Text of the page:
Hunter Cobb, Carolina Greenhouses’ outside operations manager, in the business’s hemp crop.
Photos courtesy of Carolina Greenhouses

Growing hemp in a greenhouse can offer numerous benefits, such as light and climate control, year-round grows, and security, just to name a few. Below are four tips that can help reduce grow issues once seeds or clones have been planted.

1. Ventilate, ventilate and ventilate.

Whether you are producing transplants or a finished crop in your greenhouse, you must have ample ventilation. Many areas in the U.S. deal with high humidity. You need enough mechanical ventilation to remove moisture in the greenhouse and facilitate CO2 exchange. If you do not have enough air movement across the plant canopy, you may run into issues such as powdery mildew and botrytis. For houses less than 150 feet long, fans located in one end wall with the appropriate square footage of louvres (wall shutters) at the opposite end seem to work. However, when houses are 150 feet or longer, we have found it better to place large fans on a sidewall at the midway point and pull outside air from each end-wall shutter. Our rule of thumb is that every plant in the greenhouse should be “dancing” (moving or swaying) constantly from air circulation.

2. Maintain proper pH and EC.

Choosing a quality growing medium is crucial since it will impact the plant throughout its entire growth cycle. Carolina Greenhouses uses soilless mixes with a pH between 6.3-6.5, good draining ability, high air porosity and effective water retention. Many good mixes have an assortment of bacteria and fungi that support plant growth. For our plant production, we use a mix that has a 65:35 peat-to-perlite ratio; this has given us our best yields to date.

You should always know what the pH of your media is during the entire growth cycle. Use proper PourThru techniques to check pH, and electrical conductivity (EC) readings. Ideal EC readings depend on what growth stage the plant is in, but proper EC and PH are both critical for a happy plant. (Editor’s note: Read more information about the PourThru method). We always make sure our solution tanks, where we mix nutrients with source water, have the proper pH and EC readings before we pump the water through the irrigation system. Every time we water or feed, we do this—not occasionally, but always! Hemp does not like to be overwatered nor overfertilized.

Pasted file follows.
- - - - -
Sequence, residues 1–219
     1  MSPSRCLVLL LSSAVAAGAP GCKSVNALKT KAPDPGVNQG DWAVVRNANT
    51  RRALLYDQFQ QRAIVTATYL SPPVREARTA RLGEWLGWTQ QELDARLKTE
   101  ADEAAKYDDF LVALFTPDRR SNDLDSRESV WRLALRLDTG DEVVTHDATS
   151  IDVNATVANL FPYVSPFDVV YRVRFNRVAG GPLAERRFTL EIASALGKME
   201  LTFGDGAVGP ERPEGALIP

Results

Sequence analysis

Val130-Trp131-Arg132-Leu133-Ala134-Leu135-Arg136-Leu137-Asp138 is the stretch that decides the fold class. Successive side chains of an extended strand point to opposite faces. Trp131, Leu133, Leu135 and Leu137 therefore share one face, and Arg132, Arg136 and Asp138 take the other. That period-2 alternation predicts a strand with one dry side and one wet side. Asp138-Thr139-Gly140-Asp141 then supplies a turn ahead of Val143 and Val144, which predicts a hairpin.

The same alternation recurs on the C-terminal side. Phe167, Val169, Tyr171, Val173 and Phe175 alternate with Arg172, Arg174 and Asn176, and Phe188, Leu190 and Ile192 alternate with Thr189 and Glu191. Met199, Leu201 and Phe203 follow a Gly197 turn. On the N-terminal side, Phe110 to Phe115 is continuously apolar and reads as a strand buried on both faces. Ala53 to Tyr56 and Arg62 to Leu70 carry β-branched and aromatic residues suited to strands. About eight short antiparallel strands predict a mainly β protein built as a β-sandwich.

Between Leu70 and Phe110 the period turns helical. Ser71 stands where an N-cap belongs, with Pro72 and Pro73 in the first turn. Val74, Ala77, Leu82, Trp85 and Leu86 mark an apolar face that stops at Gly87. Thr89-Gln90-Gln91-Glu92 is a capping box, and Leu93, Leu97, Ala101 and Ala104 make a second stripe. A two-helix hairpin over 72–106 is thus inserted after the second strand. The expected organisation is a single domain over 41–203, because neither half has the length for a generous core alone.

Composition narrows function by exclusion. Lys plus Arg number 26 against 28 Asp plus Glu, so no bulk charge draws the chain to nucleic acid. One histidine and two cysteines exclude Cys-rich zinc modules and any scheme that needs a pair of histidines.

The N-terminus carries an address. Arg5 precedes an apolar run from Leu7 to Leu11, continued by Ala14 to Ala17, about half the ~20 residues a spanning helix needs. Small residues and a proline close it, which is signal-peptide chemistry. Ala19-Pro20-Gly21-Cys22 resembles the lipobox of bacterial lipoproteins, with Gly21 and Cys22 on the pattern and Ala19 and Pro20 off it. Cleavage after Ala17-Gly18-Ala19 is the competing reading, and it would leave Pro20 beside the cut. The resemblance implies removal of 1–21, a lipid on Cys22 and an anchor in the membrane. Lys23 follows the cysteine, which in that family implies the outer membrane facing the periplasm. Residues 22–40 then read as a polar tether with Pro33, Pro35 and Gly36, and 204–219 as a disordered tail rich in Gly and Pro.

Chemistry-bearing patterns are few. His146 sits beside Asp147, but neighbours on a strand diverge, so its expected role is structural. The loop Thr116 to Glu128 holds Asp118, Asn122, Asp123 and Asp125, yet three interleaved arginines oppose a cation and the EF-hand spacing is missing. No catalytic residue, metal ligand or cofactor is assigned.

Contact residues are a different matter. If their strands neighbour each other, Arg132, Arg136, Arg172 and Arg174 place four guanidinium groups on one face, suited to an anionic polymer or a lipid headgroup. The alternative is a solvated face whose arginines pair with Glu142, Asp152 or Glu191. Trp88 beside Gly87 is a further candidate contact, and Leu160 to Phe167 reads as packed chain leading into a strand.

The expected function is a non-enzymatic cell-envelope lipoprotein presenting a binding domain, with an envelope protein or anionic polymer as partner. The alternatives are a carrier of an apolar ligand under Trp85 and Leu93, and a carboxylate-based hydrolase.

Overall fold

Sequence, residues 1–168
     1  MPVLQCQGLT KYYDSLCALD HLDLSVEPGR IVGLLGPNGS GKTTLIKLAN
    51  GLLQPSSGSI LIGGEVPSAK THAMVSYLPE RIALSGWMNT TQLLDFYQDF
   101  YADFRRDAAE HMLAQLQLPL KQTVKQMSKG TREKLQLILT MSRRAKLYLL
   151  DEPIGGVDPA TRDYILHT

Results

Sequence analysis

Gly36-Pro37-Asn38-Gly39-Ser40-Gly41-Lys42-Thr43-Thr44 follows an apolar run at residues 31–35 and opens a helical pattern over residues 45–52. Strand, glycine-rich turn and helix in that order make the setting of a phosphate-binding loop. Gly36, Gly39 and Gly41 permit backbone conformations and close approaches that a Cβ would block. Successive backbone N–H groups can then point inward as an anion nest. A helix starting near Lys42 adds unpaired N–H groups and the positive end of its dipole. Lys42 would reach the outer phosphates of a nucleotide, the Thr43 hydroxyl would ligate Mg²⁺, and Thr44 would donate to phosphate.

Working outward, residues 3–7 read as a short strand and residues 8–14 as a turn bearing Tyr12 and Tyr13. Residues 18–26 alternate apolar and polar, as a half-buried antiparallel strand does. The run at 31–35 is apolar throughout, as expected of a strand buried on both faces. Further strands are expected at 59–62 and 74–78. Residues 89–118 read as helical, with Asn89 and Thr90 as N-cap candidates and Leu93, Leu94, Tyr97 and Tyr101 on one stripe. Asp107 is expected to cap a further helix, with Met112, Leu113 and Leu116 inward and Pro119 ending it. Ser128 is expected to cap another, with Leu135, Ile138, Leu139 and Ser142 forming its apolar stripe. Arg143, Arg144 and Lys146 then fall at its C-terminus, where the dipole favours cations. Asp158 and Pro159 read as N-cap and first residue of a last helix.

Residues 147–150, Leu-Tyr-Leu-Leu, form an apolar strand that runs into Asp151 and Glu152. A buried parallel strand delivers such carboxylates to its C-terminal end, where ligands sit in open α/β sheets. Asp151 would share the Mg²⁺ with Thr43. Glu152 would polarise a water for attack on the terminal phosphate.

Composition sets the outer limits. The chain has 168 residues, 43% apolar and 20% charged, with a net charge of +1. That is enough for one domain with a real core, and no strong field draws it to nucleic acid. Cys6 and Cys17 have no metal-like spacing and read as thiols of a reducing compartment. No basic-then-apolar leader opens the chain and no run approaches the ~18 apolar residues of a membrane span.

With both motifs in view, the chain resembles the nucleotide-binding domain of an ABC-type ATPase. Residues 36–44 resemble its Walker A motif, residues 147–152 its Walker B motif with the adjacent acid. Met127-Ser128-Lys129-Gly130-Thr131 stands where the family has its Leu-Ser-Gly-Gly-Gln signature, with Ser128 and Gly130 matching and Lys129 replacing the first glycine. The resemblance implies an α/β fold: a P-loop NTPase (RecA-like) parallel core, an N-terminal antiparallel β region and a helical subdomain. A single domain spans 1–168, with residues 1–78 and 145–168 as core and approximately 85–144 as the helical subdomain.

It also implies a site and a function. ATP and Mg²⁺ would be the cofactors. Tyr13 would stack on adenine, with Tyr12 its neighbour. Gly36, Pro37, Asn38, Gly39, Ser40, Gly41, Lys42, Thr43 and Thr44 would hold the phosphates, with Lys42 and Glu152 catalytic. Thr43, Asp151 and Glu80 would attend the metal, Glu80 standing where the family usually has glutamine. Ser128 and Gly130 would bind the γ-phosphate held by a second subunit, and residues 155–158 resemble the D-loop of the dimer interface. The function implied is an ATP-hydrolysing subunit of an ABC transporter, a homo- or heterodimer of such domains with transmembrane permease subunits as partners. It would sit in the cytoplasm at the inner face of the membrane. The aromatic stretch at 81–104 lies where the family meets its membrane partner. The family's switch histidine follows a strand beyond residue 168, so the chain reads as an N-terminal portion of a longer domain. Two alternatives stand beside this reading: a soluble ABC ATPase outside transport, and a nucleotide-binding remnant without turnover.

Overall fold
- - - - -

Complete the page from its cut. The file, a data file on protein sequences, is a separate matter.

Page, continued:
3. Do not skimp on genetics.

Start with good genetics. Whether you use seed or clones, genetics combined with proper nutrition have a huge impact on the quality of hemp grown in your greenhouse. Purchase clones from a reputable company that is willing to be open about its cloning process and mother plants. The same goes for seed. Make sure the company has proven genetics and is able to provide data on testing and the history of the variety.

4. Provide adequate plant spacing.

One of the biggest mistakes we have seen other hemp growers make is packing too many plants in a greenhouse. Hemp plants do not like to be overcrowded. This can cause various issues, such as pest infestations and yellowing underneath the canopy. Too many plants can also hurt yields. It’s better to err on the lower side than it is to overfill the greenhouse with plants that you cannot get to and properly care for.

[For tips on transplanting hemp in the field, read part I of this two-part series.]

Lisa Cobb is president of Carolina Greenhouses, a company that has grown agricultural crops such as tobacco for 30 years and incorporated hemp production when the 2018 Farm Bill passed.